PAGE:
“The World, according to the best geographers, is divided into Europe, Asia, Africa, America, and Romney Marsh.”

Royal Observer Corps

The Royal Observer Corps (ROC) was a civil defence organisation intended for the visual detection, identification, tracking, and reporting of aircraft over Great Britain. During the Second World War, they played a valuable role as the 'eyes and ears' of the Royal Air Force (RAF) on the Romany Marsh 'Invasion Coast'.

ROC Instrument

Blue LIne

Introduction

The ROC operated in the United Kingdom between 29 October 1925 and 31 December 1995, when the Corps' civilian volunteers were stood down (ROC headquarters staff at RAF Bentley Priory stood down on 31 March 1996).

Composed mainly of civilian spare-time volunteers, ROC personnel wore a RAF-style uniform and latterly came under the administrative control of RAF Strike Command and the operational control of the Home Office. Civilian volunteers were trained and administered by a small cadre of professional full-time officers under the command of the Commandant Royal Observer Corps; latterly a serving RAF Air Commodore.

In 1925 trials involving a network of observation posts linked by telephone were carried out in co-operation with the RAF to test a system for identifying and tracking enemy aircraft. The trials were so successful the Observer Corps were set up in the same year. Initially the network was confined to the Maidstone and Horsham areas but during the 1930's as the threat of war increased the Observer Corps system was extended to cover the whole of the British Isles.

Second World War

The ROC played a crucial role during the Battle of Britain and no more so than on the coastline of Romney Marsh.

In 1935, an improved post instrument had been introduced and by 1938 there were about 1400 posts. When war was declared in 1939 the Observer Corps posts had been manned for two weeks. There were several such ROC posts on the coastline of Romney Marsh, including one on the roof of a Martello Tower in Dymchurch - Find out more - and its satellite post on Littlestone Greens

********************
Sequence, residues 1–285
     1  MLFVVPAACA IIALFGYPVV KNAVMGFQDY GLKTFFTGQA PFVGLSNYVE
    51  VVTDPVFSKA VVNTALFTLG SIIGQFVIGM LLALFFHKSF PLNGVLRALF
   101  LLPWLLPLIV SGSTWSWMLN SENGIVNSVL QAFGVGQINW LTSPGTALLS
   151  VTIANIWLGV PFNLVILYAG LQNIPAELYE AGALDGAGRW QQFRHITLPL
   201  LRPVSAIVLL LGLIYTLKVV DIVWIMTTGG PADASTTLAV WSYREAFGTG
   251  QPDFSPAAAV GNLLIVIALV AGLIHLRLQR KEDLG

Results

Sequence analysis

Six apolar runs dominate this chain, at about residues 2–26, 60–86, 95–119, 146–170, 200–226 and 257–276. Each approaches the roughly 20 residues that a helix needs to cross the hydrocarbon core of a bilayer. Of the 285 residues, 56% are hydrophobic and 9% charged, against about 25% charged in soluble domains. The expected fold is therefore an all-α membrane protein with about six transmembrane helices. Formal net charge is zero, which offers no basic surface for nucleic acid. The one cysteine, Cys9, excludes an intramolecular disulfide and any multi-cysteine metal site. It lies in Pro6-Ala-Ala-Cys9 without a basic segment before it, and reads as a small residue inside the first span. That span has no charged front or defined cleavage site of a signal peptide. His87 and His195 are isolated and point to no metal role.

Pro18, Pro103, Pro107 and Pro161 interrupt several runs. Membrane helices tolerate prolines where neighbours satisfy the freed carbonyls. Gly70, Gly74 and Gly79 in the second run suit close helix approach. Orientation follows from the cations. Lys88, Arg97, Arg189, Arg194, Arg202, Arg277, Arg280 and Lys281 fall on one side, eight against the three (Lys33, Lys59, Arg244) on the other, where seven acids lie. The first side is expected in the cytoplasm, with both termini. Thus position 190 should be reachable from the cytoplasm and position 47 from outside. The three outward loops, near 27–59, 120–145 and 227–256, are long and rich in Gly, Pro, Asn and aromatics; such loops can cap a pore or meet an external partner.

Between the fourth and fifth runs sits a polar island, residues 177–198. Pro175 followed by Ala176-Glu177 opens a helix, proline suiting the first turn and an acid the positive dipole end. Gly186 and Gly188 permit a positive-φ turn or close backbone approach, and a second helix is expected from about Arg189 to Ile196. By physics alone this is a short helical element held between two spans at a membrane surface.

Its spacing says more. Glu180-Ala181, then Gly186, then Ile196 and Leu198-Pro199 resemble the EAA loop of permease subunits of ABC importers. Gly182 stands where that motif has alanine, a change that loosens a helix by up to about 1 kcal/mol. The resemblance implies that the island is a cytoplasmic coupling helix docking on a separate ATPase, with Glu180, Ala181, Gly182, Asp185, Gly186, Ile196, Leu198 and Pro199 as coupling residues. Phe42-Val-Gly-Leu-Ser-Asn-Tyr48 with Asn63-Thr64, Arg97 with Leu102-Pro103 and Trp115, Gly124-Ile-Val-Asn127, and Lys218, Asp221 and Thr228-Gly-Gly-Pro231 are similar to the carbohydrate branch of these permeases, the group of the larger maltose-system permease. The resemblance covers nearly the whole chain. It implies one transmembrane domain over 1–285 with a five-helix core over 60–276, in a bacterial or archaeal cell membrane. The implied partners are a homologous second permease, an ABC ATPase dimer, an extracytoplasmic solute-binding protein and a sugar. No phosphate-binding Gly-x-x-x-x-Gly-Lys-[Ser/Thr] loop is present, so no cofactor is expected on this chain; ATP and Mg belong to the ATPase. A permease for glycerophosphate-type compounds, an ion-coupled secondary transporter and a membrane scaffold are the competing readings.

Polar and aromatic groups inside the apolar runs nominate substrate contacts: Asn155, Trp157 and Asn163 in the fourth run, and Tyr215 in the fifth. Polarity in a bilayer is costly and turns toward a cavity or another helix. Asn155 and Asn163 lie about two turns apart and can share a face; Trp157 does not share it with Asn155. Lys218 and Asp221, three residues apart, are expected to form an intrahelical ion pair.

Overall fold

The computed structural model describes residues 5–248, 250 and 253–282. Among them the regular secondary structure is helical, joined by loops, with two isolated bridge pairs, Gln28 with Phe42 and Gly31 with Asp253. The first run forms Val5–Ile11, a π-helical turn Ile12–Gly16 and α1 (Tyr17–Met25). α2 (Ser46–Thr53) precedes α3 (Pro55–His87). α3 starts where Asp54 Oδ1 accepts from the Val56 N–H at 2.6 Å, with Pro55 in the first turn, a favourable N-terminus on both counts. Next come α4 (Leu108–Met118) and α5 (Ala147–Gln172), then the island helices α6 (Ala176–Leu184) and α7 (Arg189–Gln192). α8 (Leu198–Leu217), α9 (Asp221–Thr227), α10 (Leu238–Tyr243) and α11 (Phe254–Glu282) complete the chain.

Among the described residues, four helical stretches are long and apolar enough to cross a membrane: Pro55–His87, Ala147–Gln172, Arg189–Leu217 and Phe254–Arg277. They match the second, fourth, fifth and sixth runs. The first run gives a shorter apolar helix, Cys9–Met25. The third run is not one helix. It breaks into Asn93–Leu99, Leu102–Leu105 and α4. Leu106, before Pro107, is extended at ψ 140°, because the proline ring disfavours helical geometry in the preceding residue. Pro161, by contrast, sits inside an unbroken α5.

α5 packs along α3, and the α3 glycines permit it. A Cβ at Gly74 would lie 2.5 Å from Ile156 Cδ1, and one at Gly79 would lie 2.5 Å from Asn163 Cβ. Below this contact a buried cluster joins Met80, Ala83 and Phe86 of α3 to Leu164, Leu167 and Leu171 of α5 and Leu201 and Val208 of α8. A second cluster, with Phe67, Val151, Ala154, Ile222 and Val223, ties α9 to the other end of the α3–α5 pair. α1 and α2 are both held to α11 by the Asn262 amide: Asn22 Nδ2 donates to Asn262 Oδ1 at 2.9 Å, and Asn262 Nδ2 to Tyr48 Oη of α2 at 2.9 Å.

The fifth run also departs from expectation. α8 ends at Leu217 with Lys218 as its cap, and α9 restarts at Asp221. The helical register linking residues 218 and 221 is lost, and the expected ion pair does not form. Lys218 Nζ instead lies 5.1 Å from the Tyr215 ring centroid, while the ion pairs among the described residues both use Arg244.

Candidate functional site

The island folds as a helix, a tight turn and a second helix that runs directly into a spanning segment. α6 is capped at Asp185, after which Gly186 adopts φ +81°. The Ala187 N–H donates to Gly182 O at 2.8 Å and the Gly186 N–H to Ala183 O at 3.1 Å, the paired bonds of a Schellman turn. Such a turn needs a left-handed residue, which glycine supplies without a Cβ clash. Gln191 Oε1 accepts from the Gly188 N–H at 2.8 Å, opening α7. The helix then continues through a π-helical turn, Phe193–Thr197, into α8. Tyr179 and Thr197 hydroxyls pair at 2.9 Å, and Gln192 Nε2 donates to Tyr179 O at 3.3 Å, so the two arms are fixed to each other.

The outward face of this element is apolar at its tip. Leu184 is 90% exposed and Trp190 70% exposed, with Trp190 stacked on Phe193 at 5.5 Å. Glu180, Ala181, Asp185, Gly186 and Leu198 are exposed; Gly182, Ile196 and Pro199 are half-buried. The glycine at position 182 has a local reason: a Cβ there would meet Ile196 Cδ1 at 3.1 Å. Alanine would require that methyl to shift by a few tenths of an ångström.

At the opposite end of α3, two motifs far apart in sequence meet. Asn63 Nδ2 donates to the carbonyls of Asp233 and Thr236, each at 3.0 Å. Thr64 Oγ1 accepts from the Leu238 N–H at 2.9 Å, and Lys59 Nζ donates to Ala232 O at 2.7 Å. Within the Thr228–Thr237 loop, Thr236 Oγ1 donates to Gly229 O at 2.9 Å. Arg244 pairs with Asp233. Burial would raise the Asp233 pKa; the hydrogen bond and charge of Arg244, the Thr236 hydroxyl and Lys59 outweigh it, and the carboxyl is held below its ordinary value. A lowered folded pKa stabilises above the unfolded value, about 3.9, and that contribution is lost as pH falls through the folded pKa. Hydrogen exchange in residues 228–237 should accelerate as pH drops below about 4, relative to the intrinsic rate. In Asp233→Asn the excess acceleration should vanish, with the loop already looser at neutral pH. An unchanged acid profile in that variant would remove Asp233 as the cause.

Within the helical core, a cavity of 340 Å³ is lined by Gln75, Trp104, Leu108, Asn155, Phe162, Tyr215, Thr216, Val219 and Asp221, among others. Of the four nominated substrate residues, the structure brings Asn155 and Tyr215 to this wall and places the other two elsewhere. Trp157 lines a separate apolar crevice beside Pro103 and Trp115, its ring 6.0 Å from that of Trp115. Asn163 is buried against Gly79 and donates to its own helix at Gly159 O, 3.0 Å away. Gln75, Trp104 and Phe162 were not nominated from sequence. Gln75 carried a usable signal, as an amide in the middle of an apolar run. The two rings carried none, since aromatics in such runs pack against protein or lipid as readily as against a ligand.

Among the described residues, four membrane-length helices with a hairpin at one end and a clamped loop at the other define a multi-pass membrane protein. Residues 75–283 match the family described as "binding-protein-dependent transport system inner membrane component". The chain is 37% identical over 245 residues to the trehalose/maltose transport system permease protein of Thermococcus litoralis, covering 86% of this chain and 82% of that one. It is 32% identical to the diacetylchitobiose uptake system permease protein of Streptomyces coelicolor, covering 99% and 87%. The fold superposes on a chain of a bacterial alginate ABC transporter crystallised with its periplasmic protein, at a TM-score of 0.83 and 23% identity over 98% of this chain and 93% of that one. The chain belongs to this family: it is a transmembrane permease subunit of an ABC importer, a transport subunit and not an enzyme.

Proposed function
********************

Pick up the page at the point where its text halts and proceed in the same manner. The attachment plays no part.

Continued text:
In 1941 the contribution made by the Observer Corps was formally recognised by the granting of the title Royal Observer Corps (ROC) by George VI who also became the first Air Commodore-in-Chief.

The ROC continued to serve throughout the Second World War. They provided early warning of air raids and later in the war helped spot incoming V1 and V2 flying bombs. Observers even served aboard the invasion fleet on D-Day to give early identification of incoming aircraft.

ROC and the V1 Flying Bomb

The V-1 flying bomb, also known as the Buzz Bomb or Doodlebug, was an early pulse-jet-powered predecessor of the cruise missiles developed by the German Luftwaffe during the Second World War.

At its peak, more than one hundred V1s a day were fired at south-east England, 9,521 in total, decreasing in number as sites were overrun until October 1944, when the last V1 site in range of Britain was overrun by Allied forces.

The V1 was first launched against Britain in June 1944, just one week after D-Day, with one of the first being sited by the Royal Observer Corps crew manning their post in Dymchurch. 

The first V1 flying bomb launched against Britain was in June and was sited by the Royal Observer Corps crew manning their post on a Martello Tower in Dymchurch.
Find out more

Website Icon V-Weapons Campaign

Map of V1 Flying Bombs in Kent
Flying bombs crashed on land and brought down over the sea, 1944

The Sighting of the First V1 in Dymchurch on 13 June 1944 

On 13 June 1944, 1/M2 Dymchurch ROC Post on one of the Martello Towers was in the thick of the flying bomb activity. Observers Woodland and Wraight were on duty and they were the first Post to report a flying bomb.     pdf Icon Find out more

 

 


Martello Towers ROC Blue Plaque
Blue Plaque on Martello24


ROC on Dymchurch Martello Tower 1944 
ROC on Martello Tower In Dymchurch 1944 
The considered opinion is that the plaques and photo refer to Martello25 

ROC Plaque at Littlestone Greens
ROC Plaque at Littlestone Greens

Blue Line

Post Second World War

Following the end of the Second World War, the ROC had a brief period of stand-down before it was reactivated in 1947 in response to the increased tension with the Eastern Block. By the 1950's the threat of nuclear attack persuaded the Government to set up the United Kingdom Warning and Monitoring Organisation (UKWMO).

The Royal Observer Corps was given the job of collecting information on the locations of nuclear bombs, information on weapon sizes, fallout information, and basic weather information. 

To meet the Corps' nuclear reporting role, the Royal Observer Corps constructed underground structures, known as Monitoring Posts which were operated by volunteers. There were/are 3 such Monitoring Posts on Romney Marsh, at Brookland, Dungeness and Dymchurch
In all but a very few instances, the posts were built to a standard design consisting of a 14-foot-deep access shaft, a toilet/store and a monitoring room. The most unusual post was the non-standard one constructed in a cellar within Windsor Castle.